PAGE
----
Date: 2020-07-16 06:38:56
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Special Thanks to my team and Nicholas Norwitz – Oxford PhD Researcher and Harvard Med Student – for working diligently on research as well!
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Sugar & Fat Cells
Sugar causes stem cells to turn into fat cells (Step 1), rather than bone cells or cartilage cells. Sugar then causes the mature fat cell to become insulin resistant (Step 2; this also leads to a further increase in blood glucose and insulin resistance elsewhere in the body) and causes sugar to release proinflammatory factors that harm other organs (Step 3).
Cramer C. et al. Stem Cell and Development 2010: In this study, the scientists took stromal stem cells and treated them with increasing concentrations of glucose. They observed that, as they added more glucose, fewer stem cells became osteoblasts (A) and chondrocytes (B) and more stem cells became adipocytes (C). There were several more nuances to the study that are less important for your audience. I’ve outlined the key data bars in red. These are stem cells derived from non-diabetic people. https://www.ncbi.nlm.nih.gov/pubmed/20380516
Composed of 3 main chemical ingredients: phenylalanine, aspartic acid, and methanol
Nature, 2014 https://www.ncbi.nlm.nih.gov/pubmed/25231862 – Nick
This paper demonstrates that certain artificial sweeteners mess up the gut microbial ecosystem, causing glucose intolerance and paving the way for metabolic disease.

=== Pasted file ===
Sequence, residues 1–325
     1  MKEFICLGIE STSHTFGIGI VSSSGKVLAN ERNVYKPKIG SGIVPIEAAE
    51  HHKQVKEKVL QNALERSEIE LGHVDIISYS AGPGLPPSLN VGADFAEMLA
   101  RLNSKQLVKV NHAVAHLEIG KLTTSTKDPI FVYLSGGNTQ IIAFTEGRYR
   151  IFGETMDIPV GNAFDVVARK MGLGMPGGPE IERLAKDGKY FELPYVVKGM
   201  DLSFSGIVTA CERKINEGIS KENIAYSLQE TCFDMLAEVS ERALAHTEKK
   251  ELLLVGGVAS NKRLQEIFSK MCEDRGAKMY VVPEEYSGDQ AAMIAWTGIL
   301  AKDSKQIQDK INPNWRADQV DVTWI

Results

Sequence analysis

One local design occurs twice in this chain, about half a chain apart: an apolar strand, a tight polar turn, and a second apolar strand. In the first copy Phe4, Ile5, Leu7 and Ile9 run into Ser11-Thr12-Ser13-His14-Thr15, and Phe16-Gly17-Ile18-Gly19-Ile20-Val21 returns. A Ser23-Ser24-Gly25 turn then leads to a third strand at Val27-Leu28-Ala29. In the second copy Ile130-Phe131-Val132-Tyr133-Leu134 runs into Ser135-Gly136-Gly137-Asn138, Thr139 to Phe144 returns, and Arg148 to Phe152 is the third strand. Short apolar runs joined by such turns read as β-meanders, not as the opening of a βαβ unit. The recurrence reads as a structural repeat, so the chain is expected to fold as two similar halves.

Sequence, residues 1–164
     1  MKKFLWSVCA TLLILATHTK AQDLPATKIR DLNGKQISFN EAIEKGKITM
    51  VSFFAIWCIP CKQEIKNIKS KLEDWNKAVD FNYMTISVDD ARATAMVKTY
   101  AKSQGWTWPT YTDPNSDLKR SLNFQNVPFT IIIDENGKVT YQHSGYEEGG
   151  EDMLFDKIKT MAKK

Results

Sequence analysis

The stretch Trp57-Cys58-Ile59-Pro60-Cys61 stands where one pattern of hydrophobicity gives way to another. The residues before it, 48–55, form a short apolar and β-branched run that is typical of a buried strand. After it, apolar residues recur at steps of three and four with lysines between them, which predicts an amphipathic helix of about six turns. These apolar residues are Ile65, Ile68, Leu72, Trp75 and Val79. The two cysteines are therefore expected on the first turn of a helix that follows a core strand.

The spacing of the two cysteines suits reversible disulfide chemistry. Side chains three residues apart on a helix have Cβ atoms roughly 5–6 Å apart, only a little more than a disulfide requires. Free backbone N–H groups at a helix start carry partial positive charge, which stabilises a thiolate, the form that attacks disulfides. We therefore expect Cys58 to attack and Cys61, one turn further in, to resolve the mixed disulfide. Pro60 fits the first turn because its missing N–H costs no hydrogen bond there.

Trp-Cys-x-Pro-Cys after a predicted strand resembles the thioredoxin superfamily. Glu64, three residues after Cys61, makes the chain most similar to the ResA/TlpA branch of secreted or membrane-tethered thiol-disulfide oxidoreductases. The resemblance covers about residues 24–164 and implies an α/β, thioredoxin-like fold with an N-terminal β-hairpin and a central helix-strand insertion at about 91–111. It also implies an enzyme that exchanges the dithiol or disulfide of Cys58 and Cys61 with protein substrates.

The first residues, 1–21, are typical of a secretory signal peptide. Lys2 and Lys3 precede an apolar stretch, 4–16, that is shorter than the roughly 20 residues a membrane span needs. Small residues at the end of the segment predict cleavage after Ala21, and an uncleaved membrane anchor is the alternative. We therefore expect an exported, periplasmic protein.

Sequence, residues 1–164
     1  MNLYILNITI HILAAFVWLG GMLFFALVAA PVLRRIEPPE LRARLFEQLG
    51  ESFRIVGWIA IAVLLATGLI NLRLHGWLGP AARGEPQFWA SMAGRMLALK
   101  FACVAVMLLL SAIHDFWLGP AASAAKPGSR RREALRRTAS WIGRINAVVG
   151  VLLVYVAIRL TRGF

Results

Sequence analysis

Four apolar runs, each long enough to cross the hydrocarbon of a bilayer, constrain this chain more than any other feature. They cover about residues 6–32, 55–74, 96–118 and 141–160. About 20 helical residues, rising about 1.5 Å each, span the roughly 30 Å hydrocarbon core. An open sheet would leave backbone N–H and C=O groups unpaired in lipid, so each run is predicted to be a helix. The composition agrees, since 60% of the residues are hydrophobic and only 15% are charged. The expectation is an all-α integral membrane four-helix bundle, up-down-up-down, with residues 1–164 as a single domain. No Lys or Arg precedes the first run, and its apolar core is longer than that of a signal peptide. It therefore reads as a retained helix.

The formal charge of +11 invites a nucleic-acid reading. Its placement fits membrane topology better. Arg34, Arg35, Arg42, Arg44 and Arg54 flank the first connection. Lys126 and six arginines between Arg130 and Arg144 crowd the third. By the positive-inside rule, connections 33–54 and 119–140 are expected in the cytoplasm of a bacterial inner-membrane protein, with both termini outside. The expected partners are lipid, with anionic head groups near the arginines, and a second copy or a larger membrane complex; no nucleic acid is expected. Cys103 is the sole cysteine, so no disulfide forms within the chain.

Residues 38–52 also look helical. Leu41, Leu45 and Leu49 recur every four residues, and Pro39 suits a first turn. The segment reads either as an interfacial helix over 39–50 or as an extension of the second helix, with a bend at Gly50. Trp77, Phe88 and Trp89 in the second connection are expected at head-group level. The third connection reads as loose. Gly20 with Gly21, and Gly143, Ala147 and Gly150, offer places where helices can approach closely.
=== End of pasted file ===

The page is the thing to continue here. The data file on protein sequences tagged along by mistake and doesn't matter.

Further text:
The researchers behind this paper began by examining what happened to different groups of mice fed any of three different artificial sweeteners (saccharin, sucralose, and aspartame) as compared to mice fed normal sugars (glucose and sucrose). Worryingly, all of the mice that were fed the artificial sweeteners quickly developed glucose intolerance, a harbinger of diabetes, obesity, and metabolic disease.
The researchers also noted that the artificial sweeteners altered the mice’s gut bacteria. To test to see if the change in the gut bacteria caused the artificial sweetener-induced metabolic disruption, the researchers transplanted the gut bacteria from the mice fed artificial sweeteners to mice that had no gut bacteria. Sure enough, the recipient mice became glucose intolerant as well, proving the change in gut bacteria was mediating the negative health effects of the artificial sweeteners. But mice are mice and humans are humans. If the story stopped there, maybe we could shrug off the results and play ignorant, enjoying our Splenda in our morning coffee guilt free. The researchers next examined whether there was an association between artificial sweetener intake and poor health in humans. Sure enough, a higher intake of artificial sweeteners was associated with a greater weigh-to-hip ratio, higher fasting blood sugar, and higher HbA1c.
To prove the causative effect of the artificial sweeteners in humans, the researchers gave 7 healthy people who did not normally consume artificial sweeteners, foods containing artificial sweeteners for 1 week. In just 1 week, 4 of the 7 people developed glucose intolerance (c). What’s more, when the microbiomes from these people were transferred into mice without microbiomes, those mice also became glucose intolerant (g).
Sports drinks can be beneficial for athletes and anyone participating in prolonged, intense workouts
A prospective study from the journal Obesity looked at the association between sport drink consumption & weight gain in over 7,500 children and teens and noted that those who regularly drank sports drinks weighed significantly more than their peers
When fructose is metabolized, it turns into free fatty acids (FFAs) and triglycerides, which get stored as fat
Fructose converts to activated glycerol (g-3-p), which is used to turn FFAs into triglycerides – The more g-3-p you have, the more fat you store
Nicholas Norwitz – Oxford PhD Researcher and Harvard Med Student:
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